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August 12th, 2007

Nanoscopy - nanoscale resolution in light microscopy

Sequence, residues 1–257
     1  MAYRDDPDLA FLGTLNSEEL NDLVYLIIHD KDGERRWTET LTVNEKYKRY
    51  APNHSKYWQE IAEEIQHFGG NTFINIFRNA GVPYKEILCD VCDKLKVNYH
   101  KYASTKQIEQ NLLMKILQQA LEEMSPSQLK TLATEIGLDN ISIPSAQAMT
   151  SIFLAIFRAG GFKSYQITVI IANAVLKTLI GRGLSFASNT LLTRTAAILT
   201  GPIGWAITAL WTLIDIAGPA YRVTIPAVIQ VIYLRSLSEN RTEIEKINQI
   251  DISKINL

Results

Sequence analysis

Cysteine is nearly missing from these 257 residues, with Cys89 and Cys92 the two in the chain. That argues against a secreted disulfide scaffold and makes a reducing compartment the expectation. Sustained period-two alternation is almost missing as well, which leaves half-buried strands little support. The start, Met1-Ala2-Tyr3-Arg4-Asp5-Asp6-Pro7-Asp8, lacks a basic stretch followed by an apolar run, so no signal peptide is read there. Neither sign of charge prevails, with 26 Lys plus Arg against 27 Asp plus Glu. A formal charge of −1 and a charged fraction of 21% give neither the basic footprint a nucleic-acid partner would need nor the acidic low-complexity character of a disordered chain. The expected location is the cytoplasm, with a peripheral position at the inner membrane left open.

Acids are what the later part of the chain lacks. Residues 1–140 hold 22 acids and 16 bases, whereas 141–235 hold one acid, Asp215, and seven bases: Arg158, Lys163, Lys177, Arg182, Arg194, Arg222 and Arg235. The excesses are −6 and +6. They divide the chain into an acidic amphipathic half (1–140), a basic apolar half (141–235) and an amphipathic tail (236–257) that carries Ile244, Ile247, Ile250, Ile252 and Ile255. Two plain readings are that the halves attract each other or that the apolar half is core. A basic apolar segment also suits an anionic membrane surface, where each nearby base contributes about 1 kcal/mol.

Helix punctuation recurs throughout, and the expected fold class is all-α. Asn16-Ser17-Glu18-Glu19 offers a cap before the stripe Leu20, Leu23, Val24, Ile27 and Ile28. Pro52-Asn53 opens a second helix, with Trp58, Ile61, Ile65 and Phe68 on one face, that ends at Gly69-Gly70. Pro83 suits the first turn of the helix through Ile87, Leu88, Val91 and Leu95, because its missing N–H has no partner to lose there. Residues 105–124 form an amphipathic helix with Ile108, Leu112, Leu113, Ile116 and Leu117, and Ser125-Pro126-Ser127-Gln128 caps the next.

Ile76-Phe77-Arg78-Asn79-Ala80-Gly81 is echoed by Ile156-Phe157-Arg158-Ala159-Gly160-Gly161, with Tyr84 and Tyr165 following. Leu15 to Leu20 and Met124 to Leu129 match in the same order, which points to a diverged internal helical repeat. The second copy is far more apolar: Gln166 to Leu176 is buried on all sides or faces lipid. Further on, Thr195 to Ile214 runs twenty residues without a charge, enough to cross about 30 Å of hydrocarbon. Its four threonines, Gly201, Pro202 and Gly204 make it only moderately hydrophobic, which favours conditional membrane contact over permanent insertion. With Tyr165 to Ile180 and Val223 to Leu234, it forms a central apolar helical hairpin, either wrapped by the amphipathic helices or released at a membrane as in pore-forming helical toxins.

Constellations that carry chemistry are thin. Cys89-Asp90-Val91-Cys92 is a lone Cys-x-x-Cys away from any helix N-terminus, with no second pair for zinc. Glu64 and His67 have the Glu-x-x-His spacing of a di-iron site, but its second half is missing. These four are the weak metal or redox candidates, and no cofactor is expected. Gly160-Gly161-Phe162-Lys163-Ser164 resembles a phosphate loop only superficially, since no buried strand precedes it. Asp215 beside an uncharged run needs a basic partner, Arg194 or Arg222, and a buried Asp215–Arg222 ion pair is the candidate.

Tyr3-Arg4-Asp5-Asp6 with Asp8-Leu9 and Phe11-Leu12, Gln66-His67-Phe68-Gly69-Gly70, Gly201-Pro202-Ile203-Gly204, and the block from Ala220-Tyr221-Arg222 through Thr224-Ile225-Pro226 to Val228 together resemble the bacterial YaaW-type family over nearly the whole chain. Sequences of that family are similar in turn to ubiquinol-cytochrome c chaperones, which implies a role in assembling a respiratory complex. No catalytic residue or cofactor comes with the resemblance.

In the early 1870s, the German physicist Ernst Karl Abbé formulated a rigorous criterion for being able to resolve two objects in a light microscope. According to his equation, the best resolution achievable with visible light is about 200 nanometers. This theoretical resolution limit of conventional optical imaging methodology was the primary factor motivating the development of recent higher-resolution scanning probe techniques. The interaction of light with an object results in the generation of what is called 'near-field' and 'far-field' light components. The far-field light propagates through space in an unconfined manner and is the visible light utilized in conventional light microscopy. The near-field (or evanescent) light consists of a nonpropagating field that exists near the surface of an object at distances less than a single wavelength of light. So called near-field microscopy beats light's diffraction limit by moving the source very close to the subject to be imaged. When the first theoretical work on a new technique called "scanning near-field optical microscopy" (SNOM or NSOM) appeared in the 1980's, Abbé's classical diffraction limit was overcome, and resolution even down to single molecule level became feasible. However, light microscopy is still the only way to observe the interior of whole, or even living, cells. The use of fluorescent dyes makes it possible to selectively obtain images of individual cell components, for example, proteins. Today, the wavelength dogma has been overcome with the development of the stimulated emission depletion (STED) microscope. Now, the German team that developed STED is reporting layer-by-layer light microscopic nanoscale images of cells and without having to prepare thin sections with a technique called optical 3D far-field microscopy. They use a chemical marker for fluorescence nanoscopy that relies on single-molecule photoswitching.


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